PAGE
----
Recent events have taught me many things. Importantly, though, they have taught me that the future is not just ten years away, one year away, one month away, one week away. The future is our next breath, our next step, what we’re having for dinner. Tomorrow is the future – not just sometime; not just some other time down the line.
We can’t put off what we want to do, what we need to do, and pretend there is still time.
Old age is not a certainty. A healthy old age is most definitely not a certainty for us. We (as a couple) know now that our old age – if we are lucky enough to have one – will come with some big challenges. And we don’t know which ones.
A Parkinson’s diagnosis shouts “Uncertain shit ahead!” in a way we’ve forgotten to look out for. Life is all about uncertain shit ahead for each and every one of us. We have Richard’s dopamine receptors to thank for that nudge. I find myself wanting to tell other people “Don’t wait for your nudge!” “Don’t have regrets!”
Remember how you nearly weren’t born. Remember how it was nearly a different sperm, a different egg. How lucky are you to be here?! Life is full of accidents and butterfly wings and chains of events that we can control some of and we can’t control a lot of.
Our simple existence is a random chance to spin around the sun a few times and catch a few summers that we are so bloody lucky to experience. It’s so very precious and so very short and so very precarious.
I’m a very straightforward thinker (believe it or not!)
I don’t believe in meant to be.
I don’t believe that everything happens for a reason.
I don’t believe in any greater plan, and I really really don’t believe in destiny.
I’ve seen too much senseless pain to believe any of it happened for a reason. I’ve seen too much destructive greed and excruciatingly difficult lives to believe it was meant to be.
I’ve seen paths of equally good people go such different ways I can’t believe it was fate.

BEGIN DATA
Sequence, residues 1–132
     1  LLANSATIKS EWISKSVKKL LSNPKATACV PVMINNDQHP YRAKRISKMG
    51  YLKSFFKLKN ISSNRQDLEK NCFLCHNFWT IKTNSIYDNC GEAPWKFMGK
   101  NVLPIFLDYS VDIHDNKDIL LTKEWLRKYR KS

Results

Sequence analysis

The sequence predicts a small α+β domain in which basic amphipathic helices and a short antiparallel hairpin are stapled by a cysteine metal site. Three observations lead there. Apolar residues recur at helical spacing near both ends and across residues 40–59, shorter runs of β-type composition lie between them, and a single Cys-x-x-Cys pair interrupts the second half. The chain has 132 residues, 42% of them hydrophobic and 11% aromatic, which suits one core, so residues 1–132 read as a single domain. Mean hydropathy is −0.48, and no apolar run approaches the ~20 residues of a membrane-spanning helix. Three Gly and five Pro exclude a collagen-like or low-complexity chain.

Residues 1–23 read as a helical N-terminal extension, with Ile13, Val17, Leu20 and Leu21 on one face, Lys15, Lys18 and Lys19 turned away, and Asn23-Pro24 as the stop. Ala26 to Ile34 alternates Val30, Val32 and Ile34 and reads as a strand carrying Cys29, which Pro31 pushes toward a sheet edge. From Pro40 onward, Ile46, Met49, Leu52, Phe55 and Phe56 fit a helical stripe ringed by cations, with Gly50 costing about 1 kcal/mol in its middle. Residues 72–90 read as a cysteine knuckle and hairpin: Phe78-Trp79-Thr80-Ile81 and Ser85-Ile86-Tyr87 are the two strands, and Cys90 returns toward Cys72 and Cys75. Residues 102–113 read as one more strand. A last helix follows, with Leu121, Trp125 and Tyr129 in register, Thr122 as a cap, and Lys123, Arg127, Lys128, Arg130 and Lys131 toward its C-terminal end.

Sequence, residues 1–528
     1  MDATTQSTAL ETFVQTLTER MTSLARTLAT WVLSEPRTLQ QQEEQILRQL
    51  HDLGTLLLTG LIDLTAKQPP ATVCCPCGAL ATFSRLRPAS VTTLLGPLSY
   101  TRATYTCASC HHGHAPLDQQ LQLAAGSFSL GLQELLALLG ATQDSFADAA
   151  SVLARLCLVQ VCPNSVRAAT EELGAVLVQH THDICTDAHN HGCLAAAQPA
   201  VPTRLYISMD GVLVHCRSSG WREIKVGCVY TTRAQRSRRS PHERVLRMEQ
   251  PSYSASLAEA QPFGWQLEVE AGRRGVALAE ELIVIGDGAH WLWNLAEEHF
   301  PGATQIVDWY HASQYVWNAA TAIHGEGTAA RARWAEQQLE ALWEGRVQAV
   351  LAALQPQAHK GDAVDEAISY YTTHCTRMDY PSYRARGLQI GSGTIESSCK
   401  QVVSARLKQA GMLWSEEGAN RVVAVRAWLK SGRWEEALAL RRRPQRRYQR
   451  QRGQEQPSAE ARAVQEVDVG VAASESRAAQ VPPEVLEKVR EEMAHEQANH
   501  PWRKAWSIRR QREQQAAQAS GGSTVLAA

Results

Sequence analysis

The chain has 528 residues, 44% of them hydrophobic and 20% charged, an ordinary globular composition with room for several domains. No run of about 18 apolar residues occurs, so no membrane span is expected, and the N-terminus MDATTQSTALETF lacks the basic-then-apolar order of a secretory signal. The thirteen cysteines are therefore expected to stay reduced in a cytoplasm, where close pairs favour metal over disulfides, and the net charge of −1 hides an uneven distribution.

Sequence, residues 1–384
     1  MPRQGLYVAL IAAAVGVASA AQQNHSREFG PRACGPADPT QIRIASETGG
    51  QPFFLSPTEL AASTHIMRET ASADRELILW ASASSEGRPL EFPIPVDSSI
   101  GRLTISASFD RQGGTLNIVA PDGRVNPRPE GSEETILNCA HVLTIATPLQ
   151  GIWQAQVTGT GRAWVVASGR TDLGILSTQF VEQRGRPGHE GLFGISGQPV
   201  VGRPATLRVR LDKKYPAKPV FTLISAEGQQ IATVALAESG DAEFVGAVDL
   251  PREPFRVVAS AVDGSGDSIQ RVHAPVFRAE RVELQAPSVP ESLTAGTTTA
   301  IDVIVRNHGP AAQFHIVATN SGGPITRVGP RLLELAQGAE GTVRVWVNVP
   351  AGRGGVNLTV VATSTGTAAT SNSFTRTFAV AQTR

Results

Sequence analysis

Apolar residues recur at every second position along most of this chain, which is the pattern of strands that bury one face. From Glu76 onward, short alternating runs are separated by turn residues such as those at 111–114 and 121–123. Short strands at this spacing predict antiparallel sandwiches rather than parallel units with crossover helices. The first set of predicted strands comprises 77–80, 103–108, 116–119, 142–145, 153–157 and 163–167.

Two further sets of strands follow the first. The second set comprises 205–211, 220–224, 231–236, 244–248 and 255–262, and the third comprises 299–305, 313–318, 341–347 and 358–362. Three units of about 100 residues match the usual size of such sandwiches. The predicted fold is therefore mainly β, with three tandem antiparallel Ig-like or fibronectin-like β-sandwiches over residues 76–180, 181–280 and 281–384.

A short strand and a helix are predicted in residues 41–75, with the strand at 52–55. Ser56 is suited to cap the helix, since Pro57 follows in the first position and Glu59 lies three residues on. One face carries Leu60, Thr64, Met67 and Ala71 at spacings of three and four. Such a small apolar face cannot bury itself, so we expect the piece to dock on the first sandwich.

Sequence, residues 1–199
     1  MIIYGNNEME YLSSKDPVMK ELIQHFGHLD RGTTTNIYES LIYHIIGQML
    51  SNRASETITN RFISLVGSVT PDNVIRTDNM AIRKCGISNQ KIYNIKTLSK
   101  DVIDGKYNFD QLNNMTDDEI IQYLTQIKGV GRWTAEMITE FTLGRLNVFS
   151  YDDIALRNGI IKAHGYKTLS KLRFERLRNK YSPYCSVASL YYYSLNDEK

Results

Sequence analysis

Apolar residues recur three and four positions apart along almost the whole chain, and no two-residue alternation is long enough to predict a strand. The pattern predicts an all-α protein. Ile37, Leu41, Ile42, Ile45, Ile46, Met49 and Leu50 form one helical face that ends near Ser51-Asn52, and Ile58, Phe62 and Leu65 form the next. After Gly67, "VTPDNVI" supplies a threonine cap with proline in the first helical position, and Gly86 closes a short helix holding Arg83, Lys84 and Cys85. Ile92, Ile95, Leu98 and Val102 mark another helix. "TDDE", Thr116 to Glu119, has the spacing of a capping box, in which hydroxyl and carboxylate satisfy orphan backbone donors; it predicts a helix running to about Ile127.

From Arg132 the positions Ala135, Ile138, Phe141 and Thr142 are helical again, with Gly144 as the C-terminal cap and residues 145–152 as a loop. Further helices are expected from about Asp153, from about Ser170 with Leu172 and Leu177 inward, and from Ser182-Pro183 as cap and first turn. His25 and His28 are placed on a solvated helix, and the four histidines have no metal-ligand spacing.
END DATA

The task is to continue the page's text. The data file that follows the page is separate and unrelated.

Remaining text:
I believe that life is a series of events that could have been changed if we knew, that can be changed based on our tools, and that can’t be controlled totally because of our genes and our circumstances.
I even believe our power to make the best of situations is partly ours to control and partly impossible to control simply because of our genetic makeup and past experiences.
You can choose happiness but you can’t make it choose you.
This wasn’t “meant to be”. I wasn’t meant to walk behind my husband watching his muscles waste and his right side seize up and those beautiful muscly surfer’s shoulders I fell in love with shrink. Iwasn’t meant to look forward to spending our whole lives frightened of what’s next and wondering if he’ll ever be able to hold his grandchildren when they come along. I wasn’t meant to spend every day trying not to pity a man who can no longer sign his name or write without a huge struggle. He’s in pain when he wakes and slow to get out of bed before he’s even old. How can that be some kind of plan? I wasn’t meant to lose the freedom usually brought by middle age and big kids who no longer need care 24/7 to a disease that forced us to rapidly and drastically change our lives before we were ready. Just as I don’t think our baby sister was meant to die of neuroblastoma or our father of leukaemia.
I believe in atoms and free radicals and chances and missed chances and metabolic cravings and the effects of greedy men on our lives.
I believe in power. I believe in self-power being easier to harness in some of us over others, and however much some of us want life to be better we can’t make it happen.
Being able to harness what you have is a big separator. Whatever the individual components that made me are useful tools in spotting the good in life, in making choices towards happiness, in seeing and feeling the good around me. My chances are better because the series of events that made me who I am today make me better able to choose happiness.
A house full of books, a childhood learning music, much free time for thinking, a home in a beautiful area, educated parents, some fairly untypical opportunities at a young age to be forced consider others and to realise I was lucky to be alive ????? I don’t know? Some of that? All of that? Other stuff? My biological makeup? My fussy guts? My good bacteria? My bad bacteria?
I know I have the power to be happy. I know I do and I know I’m lucky in that.
I know that’s partly because happiness chose me – and that’s not fate or destiny or meant or be. It happened for reasons. But not a reason. And this is why we can rearrange our lives and make it work and be happy. This doesn’t make us better than anyone else. It makes us lucky.
I’m sad about what’s happening to my husband but we will cope and we will find ways around it because we have the power to. But I don’t for a second think it was meant to be. Another kind of nudge would have been kinder.